For example, the refractive index of bio-compatible molecules 205 may be greater than the refractive index of tear film 104. When bio-compatible molecules 205 bind to tear film 104, because the refractive index of bio-compatible molecules 205 is greater than the refractive index of tear film 104, the refractive index of tear film 104 may be increased. Moreover, increasing the refractive index of tear film 104 also may increase the first composite refractive index of cornea 102 to a second composite refractive index. Because the optical power of cornea 102 is related to the composite refractive index of cornea 102, increasing the first composite refractive index of cornea 102 to a second composite refractive index also may increase the first optical power of cornea 102 to a second optical power. Alternatively, the refractive index of bio-compatible molecules 205 may be less than the refractive index of tear film 104, which may decrease the first composite refractive index of cornea 102 to a second composite refractive index and the first optical power of cornea 102 to a second optical power.

In addition, altering the first composite refractive index of cornea 102 to a second composite refractive index, may increase an ability of eye 100 to focus, which may improve the vision of eye 100. While not wishing to be bound by a theory, it is believed when patient 101 suffers from an ametropia of eye 100, ambient light 116 may not focus on a retina (not shown) of eye 100. For example, if patient 101 suffers from presbyopia or farsightedness, ambient light 116 may focus behind the retina of eye 100. If patient 101 suffers from nearsightedness, ambient light 116 may focus in front of the retina of eye 100. Specifically, ambient light 116 may include portions of light having varying wavelengths, such that the individual portions of ambient light 116 may enter eye 100 at different locations. Because cornea 102 may have an index of refraction which is different than the index of refraction of air, when ambient light 116 enters cornea 102, ambient light 116 may bend. Moreover, the individual portions of ambient light 116 may bend, such that the individual portions of ambient light 116 may converge and intersect at a single focal point. When the natural focal point of patient 101 is a location other than the retina of eye 100, the vision of patient 101 may be imperfect or at least slightly blurred. Altering the first composite refractive index of cornea 102 to the second composite refractive index may alter the focal point of eye 100, such that the focal point may be positioned on the retina of eye 100, which may improve the vision of patient 101.

If patient 101 suffers from presbyopia, farsightedness, or another ametropia in which the focal point of eye 100 is located behind the retina of eye 100, increasing the first composite refractive index of cornea 102 to a second composite refractive index may increase an ability of eye 100 to focus, which may cause a myopic shift in the vision of eye 100. Moreover, it will be understood by one of ordinary skill in the art that the amount by which increasing the first composite index of cornea 102 to the second composite index may increase the ability of eye 100 to focus, may depend on the particular ametropia from which patient 101 suffers.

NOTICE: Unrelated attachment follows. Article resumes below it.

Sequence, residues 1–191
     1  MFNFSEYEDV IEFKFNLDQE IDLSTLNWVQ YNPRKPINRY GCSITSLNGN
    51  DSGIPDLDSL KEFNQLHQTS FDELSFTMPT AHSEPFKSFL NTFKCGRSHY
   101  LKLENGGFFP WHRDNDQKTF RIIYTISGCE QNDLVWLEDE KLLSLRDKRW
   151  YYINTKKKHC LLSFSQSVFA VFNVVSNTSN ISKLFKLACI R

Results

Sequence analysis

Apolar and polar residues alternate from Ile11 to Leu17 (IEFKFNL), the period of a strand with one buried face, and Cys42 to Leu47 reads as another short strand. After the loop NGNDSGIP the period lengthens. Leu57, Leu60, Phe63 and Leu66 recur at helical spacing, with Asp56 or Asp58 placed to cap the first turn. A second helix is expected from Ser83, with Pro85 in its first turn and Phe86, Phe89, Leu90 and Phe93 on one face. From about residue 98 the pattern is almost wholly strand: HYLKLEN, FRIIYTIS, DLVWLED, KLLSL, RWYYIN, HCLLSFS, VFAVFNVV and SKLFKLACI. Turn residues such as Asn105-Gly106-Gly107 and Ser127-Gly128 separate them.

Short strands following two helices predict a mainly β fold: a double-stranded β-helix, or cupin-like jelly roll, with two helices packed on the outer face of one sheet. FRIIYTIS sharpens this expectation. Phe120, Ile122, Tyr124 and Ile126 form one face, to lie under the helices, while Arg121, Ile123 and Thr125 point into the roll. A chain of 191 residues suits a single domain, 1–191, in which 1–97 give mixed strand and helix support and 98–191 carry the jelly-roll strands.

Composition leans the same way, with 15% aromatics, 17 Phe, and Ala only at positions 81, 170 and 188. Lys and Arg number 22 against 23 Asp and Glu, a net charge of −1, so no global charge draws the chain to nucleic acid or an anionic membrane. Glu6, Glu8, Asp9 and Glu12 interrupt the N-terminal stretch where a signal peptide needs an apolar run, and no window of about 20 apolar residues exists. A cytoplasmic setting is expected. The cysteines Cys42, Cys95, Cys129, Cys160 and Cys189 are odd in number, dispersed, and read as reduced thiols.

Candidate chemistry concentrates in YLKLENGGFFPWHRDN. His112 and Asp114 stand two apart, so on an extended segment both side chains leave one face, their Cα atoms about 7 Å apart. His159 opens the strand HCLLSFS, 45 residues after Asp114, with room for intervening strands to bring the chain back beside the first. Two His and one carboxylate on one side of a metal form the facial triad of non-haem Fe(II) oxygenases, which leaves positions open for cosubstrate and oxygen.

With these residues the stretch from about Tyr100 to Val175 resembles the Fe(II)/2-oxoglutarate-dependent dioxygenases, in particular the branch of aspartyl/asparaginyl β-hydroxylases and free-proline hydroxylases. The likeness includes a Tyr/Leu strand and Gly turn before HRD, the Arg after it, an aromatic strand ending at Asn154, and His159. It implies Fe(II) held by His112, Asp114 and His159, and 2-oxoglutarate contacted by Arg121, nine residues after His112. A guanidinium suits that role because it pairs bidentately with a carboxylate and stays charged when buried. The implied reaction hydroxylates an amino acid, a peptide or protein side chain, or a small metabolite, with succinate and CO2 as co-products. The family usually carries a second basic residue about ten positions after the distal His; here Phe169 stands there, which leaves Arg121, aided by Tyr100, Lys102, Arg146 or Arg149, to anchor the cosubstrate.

The measured amount of bio-compatible material 204 containing bio-compatible molecules 205 instilled in eye 100 may vary depending on the particular ametropia from which patient 101 suffers and the severity of the ametropia. For example, a patient suffering from an ametropia which is more sever than an ametropia suffered by another patient, may require a greater amount of bio-compatible material 204 be instilled in eye 100 in order to raise the first composite refractive index of cornea 102 to a second composite index sufficient to position the focal point on the retina of eye 100, such that the ability of the patient to focus may increase to a desired level. For example, in one embodiment, patient 101 may suffer from presbyopia, such that the focal point is positioned behind the retina of eye 100, and cornea 102 may have a first composite index of refraction of about 1.3760. In this embodiment, raising the first composite refractive index of cornea 102 to a second composite refractive index of between about 1.3850 and about 1.4000 may be sufficient to position the focal point on the retina of eye 100. However, it will understood by one of ordinary skill in the art that the measured about of bio-compatible material 204 which may be used to position the focal point on the retina of eye 100 may vary from individual to individual, but may be determined by individual testing and examination.

In another embodiment of the present invention, bio-compatible molecules 205 may alter the first composite refractive index of cornea 102 to the second composite refractive index for a predetermined length of time. Because the optical power of cornea 102 may be related to the composite refractive index of cornea 102, altering the first composite refractive index of cornea 102 to a second composite refractive index for a predetermined length of time also may alter the first optical power of cornea 102 to a second optical power for the predetermined length of time.